The Thinking in Color Thinking
My Book, The Rainbow Onion, is available for pre-order in eBook and the paperback is coming soon. It’s about the Transformative Power of Color Thinking. This is the second in a series of blog posts that dive into what color thinking actually means, using excerpts from the book. This comes from Chapter 2, Thinking.
Chapter 2 is a long chapter, because (duh!) the brain is complex, and even though we use it all day every day, we still don’t know a lot about HOW it works. I decided to pick out this bite about binary thinking, because I think it is super pertinent to what’s going on in the world today.
In order to be super-efficient and save energy, the brain loves to reduce things to binary thinking. Okay, maybe it doesn’t actually love binary thinking, but when left to its own devices it will default to it.
Binary thinking is the process of reducing a situation down to only two variables, which are almost always mutually exclusive. Good or bad. Right or wrong. Yes or no. Stop or start. A or B. Black or white (Aha! No color!). All very clear-cut, with no overlap and no subtlety.
Binary thinking is great for analyzing danger, dealing with urgent issues, and driving us to action. It’s a helpful starter tool for clarifying complex problems, creating sequences, and writing programming code.
But binary thinking definitely has a downside for us contemporary humans who spend most of our lives not in danger. Binary thinking is not only a result of survival thinking, it also triggers the related chemical reactions in our brains. It triggers a preoccupation with choosing the right answer because the only other option is the wrong answer. It triggers an adrenaline response. We know about the negative impacts of adrenaline and cortisol, the stress hormones.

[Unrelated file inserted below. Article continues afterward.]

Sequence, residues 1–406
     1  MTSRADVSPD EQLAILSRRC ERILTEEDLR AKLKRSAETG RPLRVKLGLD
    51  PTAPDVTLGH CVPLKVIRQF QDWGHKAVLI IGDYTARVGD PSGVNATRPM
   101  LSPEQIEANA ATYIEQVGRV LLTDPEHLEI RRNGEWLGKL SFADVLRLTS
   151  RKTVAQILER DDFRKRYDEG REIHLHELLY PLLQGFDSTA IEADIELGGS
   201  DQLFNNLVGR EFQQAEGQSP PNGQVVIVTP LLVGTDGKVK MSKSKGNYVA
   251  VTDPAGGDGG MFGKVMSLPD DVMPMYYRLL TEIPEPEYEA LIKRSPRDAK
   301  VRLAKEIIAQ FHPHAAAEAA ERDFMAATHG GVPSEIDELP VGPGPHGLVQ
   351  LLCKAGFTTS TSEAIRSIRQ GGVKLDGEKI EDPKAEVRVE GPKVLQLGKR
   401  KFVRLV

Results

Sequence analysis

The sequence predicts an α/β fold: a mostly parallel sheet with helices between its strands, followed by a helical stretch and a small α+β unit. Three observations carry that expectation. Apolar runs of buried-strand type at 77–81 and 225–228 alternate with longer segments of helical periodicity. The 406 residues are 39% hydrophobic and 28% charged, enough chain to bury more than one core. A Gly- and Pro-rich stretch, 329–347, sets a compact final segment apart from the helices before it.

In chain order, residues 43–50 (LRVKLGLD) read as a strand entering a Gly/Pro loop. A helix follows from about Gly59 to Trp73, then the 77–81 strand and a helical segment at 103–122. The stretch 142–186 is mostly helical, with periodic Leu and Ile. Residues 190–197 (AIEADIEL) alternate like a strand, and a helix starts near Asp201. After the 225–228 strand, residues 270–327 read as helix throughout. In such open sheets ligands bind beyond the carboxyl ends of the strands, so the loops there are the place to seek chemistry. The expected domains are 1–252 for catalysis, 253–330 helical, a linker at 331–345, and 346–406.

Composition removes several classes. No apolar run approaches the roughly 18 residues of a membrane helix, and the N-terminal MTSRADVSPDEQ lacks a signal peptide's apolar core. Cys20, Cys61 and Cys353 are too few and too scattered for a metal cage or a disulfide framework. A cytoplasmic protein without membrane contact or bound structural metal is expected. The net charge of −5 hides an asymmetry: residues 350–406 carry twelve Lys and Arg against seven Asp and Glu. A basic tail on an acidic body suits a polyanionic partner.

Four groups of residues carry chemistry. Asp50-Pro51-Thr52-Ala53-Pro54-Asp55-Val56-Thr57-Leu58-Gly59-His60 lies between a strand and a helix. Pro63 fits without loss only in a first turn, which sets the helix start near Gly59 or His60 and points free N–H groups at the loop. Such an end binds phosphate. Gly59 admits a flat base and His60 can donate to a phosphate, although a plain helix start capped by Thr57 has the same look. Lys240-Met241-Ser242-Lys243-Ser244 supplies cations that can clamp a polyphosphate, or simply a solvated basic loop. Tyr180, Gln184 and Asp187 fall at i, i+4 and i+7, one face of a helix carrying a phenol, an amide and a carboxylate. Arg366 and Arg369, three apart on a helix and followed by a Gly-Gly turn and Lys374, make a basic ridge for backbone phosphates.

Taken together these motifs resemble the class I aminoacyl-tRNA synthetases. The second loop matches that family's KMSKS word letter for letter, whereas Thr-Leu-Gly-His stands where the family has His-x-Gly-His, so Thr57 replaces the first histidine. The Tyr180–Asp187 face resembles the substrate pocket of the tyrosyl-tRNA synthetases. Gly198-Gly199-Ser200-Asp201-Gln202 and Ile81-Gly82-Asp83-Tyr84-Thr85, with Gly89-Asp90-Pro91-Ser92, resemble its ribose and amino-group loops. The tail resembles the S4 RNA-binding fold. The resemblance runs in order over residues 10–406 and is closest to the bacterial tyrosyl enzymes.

In binary mode, we aren’t always aware of some of its impacts. When we’re running around on adrenaline, in flight or fight mode, we tend to see people as enemies. We become paranoid and isolated. Our reasoning becomes simplistic. We’re easily exhausted. We don’t have access to our creativity. And, in a social context, binary thinking, black-and-white thinking, is polarizing. I just realized that it would be more accurate to call it black-OR-white thinking.
What really happens with black-or-white thinking is you start from a place of feeling at least slightly threatened. And, honestly, that doesn’t feel great. That’s stress. So, you set out to solve a problem, and you work through the problem by dismissing alternative solutions until you only have two options to decide between—the right one and the wrong one. The consequences of the decision get blown waaaaay out of proportion, because you’ve engaged a suspicious survival mechanism, one that perceives danger lurking behind each wrong choice. I call this microdrama—a state in which every little decision feels like it has momentous importance. It’s overwhelming. It is overwhelm. It’s often paralyzing. Should I or shouldn’t I? I can’t decide…
So, black-or-white thinking starts with stress and adds more. It “helps” you see enemies and risks where they might not even exist. And it literally shuts down your ability to see creative options. You cannot recognize alternatives. You cannot believe there might be more than one right answer… or a better or different approach. Black-or-white thinking is a lazy (energy-saving), primitive (survival-based) way to stay stuck on one side of an either/or equation, to live at one end of a polarized situation.
The bottom line is black-or-white thinking is a huge limiter of our potential. We don’t need more black or white. We need options. We need color!
Next week: color + thinking = color thinking.
In the meantime, remember these things: You are loved. We are all loved. Let’s all be kind. And in all things – progress, not perfection!
Love and light, Maggie
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